Japan is known for its cherry blossoms, but also for its earthquakes. We all remember the one on March, 11th 2011 and the tsunami that followed, resulting in a nuclear catastrophe. We also remember the Kobe earthquake in 1995, which would have been more than 6,000 deaths, resulting in a war landscape.
In Japan, the earth shakes regularly. This is part of the Japanese civilization. If I remember correctly, statistically there are several of them per day. All of them are obviously not of the scale of the disaster in Kobe, not all felt by humans, but every day it can make a little shake.
What is “fun” in a way, is that we live in an area where seismic risk is important in France, but I start feeling the risk just when I am leaving for the other part of the world.
We must say that I have felt 3 or 4 earthquakes in my life: like a very large truck passing by, trembling street lights, shaking window glass.
While looking for information on what to do in case of earthquake, I found few of them in the Plan Séisme. So I continue my research.
One of the sites I liked for its content (although graphically it’s pretty ugly) is the Préparez-vous, by the Canadian government (that’s right, there are earthquakes also in Canada, I did not know, up to now). It is very detailed and provides guidance to follow for a wide range of cases, whether we are in a house, in a building or even in a mobile home, in the street, train, bus. I also appreciated that advice is also given for people in wheelchairs.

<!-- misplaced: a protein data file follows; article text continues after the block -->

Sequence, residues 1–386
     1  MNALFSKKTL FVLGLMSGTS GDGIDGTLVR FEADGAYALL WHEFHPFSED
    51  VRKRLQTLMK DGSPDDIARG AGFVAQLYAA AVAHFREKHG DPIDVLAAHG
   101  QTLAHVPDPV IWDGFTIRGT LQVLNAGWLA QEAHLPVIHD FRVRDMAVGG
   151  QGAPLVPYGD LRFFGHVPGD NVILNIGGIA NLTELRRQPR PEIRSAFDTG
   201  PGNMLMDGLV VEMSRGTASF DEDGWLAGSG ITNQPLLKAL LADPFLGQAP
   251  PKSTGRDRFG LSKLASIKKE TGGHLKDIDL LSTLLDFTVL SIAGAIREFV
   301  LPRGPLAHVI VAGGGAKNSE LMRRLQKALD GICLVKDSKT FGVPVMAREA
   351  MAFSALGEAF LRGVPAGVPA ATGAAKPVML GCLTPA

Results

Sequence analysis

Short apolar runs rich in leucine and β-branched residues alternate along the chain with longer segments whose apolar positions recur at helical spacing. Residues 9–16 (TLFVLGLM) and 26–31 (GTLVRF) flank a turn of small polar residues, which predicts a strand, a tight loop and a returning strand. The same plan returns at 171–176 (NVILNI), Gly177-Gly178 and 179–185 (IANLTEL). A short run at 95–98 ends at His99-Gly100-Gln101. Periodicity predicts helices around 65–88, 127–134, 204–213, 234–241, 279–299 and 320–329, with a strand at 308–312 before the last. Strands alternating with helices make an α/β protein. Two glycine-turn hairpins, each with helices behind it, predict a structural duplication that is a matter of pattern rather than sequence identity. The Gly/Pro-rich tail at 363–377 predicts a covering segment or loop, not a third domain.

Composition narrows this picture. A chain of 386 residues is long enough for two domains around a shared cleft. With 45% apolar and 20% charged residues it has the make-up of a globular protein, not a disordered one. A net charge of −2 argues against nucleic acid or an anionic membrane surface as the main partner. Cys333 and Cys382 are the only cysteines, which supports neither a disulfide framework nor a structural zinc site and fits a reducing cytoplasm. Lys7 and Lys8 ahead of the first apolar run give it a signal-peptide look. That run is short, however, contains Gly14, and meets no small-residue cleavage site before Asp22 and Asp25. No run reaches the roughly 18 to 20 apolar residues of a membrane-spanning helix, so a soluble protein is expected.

For Japanese peculiarities the blog Kanpai! provides a detailed article on the subject, which also has the great merit of offering the necessary vocabulary from “help” to “I’m fine”.
Being ready requires good anticipation, and sometimes a bit complex one:
- have a first aid kit;
- have on hand a kit containing all the medical treatment of the whole family;
- have packs of reserve of water;
- have a reserve ready-to-eat food;
- a sleeping bag per person;
What to remember, essentially :
- do not panic and do not run;
- sheltering #1: away from windows, away from what might fall. A clear sky above his head is still the best;
- sheltering #2: inside, get on the ground, in a doorway, under a table, under… anything, protect your head with your arms;
- do not take the elevator;
- beware of replicas;
- away from the sea and rivers;
- when in Japan, one should call to the embassy (if the quake is important, of course, not if it is a small thing). For my part, I already registered on the site Ariane of the Ministry of (French) Foreign Affairs (stating with whom I am in Japan) to warn someone at home in case of something goes wrong (in this case, my older brother Sylvain).
In France, it will be essential no to try to call his family, which could saturate the network and prevent emergency contact.
In Japan, I read in the book of Karyn Poupée there exists a relay systems for communications, so that all public phone change to “free calls” mode. They even have systems that send you an email on your cell phone to warn that in 5 minutes, the earth will tremble (they are really cool, the Japanese).
The earth will tremble maybe. We are warned, and we are ready.